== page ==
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Twisted Pleasure

  • Posted on April 19, 2013 at 10:00 AM

I admit I read and watch fiction that creates traumatic events for characters to experience. From thrillers to Christian dramas, almost every story has some kind of trauma which characters are forced to endure.

Yet, when the news media has a feeding frenzy on the latest real-world traumatic event, I avoid it. I have seen one video of the towers falling during the 9/11. The video was only a few seconds in length and I watched it the day of the attack. I’ve seen one video of the aftermath of Katrina and a handful of pictures taken by someone who was on-site within the first few weeks of the storm.

I didn’t watch any video footage of subsequent disasters. Not the mass shootings. Not the storms. Not the endless wars across the world. And not the recent bombing in Boston.

I read about the news. I try to stay abreast of the events that shape our world. But I don’t gorge myself on the violence “Mother Nature” and our fellow human beings are capable. I don’t find real-world suffering to be entertaining. In fact, I find this trend (both on the part of the media and on the part of the viewers) to be very disturbing.

What twisted pleasure do people get from watching the real-world suffering of others that they watch it over and over and over again?

There are unfortunate parallels throughout our contemporary culture. Reality television is a profit-driven example. I don’t watch it. I don’t understand it. I mean, really, The Kardashians?!? Admittedly, I saw a few Jerry Springer episodes when I was a teenager, which was the precursor to all of this as far as I can tell. I didn’t get it then, and I still don’t get it now. I really, really don’t get why our culture makes celebrities out of people like that.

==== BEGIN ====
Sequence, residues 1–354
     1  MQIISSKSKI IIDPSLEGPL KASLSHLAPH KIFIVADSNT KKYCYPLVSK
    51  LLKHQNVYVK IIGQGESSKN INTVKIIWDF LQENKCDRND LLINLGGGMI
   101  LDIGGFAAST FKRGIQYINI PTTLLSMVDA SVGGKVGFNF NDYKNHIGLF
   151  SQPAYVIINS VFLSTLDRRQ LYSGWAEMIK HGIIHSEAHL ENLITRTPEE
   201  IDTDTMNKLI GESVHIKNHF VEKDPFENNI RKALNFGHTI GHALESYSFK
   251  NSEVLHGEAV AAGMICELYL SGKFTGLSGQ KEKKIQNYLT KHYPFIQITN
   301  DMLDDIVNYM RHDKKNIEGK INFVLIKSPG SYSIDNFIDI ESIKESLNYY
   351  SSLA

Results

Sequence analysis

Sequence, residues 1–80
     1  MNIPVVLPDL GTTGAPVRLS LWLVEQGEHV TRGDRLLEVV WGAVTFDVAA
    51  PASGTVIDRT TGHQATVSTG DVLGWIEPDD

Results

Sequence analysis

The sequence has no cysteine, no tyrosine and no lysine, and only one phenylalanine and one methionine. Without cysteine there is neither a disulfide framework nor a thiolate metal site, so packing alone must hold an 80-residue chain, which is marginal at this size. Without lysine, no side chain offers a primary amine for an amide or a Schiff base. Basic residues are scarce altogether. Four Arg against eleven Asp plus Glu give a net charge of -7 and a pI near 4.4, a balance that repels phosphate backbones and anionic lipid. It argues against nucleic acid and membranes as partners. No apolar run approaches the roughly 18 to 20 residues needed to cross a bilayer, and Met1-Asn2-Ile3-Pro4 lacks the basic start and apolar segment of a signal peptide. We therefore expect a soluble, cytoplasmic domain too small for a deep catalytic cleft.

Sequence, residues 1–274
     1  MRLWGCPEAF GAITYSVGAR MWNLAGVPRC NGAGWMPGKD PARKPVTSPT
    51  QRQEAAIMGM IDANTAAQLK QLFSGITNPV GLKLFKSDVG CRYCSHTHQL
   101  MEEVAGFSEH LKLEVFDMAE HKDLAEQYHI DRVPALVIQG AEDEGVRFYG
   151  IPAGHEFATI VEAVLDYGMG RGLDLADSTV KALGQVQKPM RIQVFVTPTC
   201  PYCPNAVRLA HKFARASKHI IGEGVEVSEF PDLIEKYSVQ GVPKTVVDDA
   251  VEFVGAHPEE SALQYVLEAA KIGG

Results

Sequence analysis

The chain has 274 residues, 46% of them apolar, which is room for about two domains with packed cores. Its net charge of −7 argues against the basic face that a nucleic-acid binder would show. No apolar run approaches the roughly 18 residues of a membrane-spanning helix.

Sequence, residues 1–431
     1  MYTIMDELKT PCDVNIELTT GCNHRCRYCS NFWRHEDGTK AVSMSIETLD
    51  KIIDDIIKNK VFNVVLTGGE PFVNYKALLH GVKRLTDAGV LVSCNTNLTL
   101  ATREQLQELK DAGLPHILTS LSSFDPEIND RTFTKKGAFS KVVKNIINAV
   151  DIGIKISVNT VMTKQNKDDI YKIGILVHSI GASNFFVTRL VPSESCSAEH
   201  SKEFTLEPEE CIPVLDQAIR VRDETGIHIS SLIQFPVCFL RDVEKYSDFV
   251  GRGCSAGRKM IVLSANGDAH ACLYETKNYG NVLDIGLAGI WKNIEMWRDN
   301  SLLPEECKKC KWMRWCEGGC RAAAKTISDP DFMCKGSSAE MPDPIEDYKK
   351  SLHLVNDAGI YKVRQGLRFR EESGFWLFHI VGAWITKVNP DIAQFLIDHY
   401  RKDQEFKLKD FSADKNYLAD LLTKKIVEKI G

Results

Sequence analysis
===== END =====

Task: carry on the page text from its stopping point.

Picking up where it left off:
And then there’re those activities that aren’t driven by profit. I admit I find real people inspiring. People can do some pretty amazing things. And, yes, some of the people that I admire are people with disabilities. I just don’t see why people with disabilities living ordinary lives should be inspiring. I mean, shouldn’t that be the norm? After all, statistics indicated that 1 out of 5 people have some degree of disability.

Granted, I’m well aware that our society throws up a lot of barriers that keep people with disabilities from living ordinary, fulfilling lives, and that those who persevere to do so are admirable in that they don’t give into our cultural stereotypes. But that’s not the implication associated with these images and messages that are shared through so many social media sites. It’s more like, “Look at this person with this terrible disability [look at these people who have suffered this terrible disaster/war/attack], what’s your excuse?”

What twisted pleasure do people get from watching real-world suffering (or what they assume must be suffering)?

It makes me think back to ancient Rome. I think back to our fascination with Roman gladiators. I think about the twisted pleasure the ancient Romans took in watching people hack each other to death. Rome ended. Instead of learning from it, it seems we’re determined to repeat their vices and share their fate.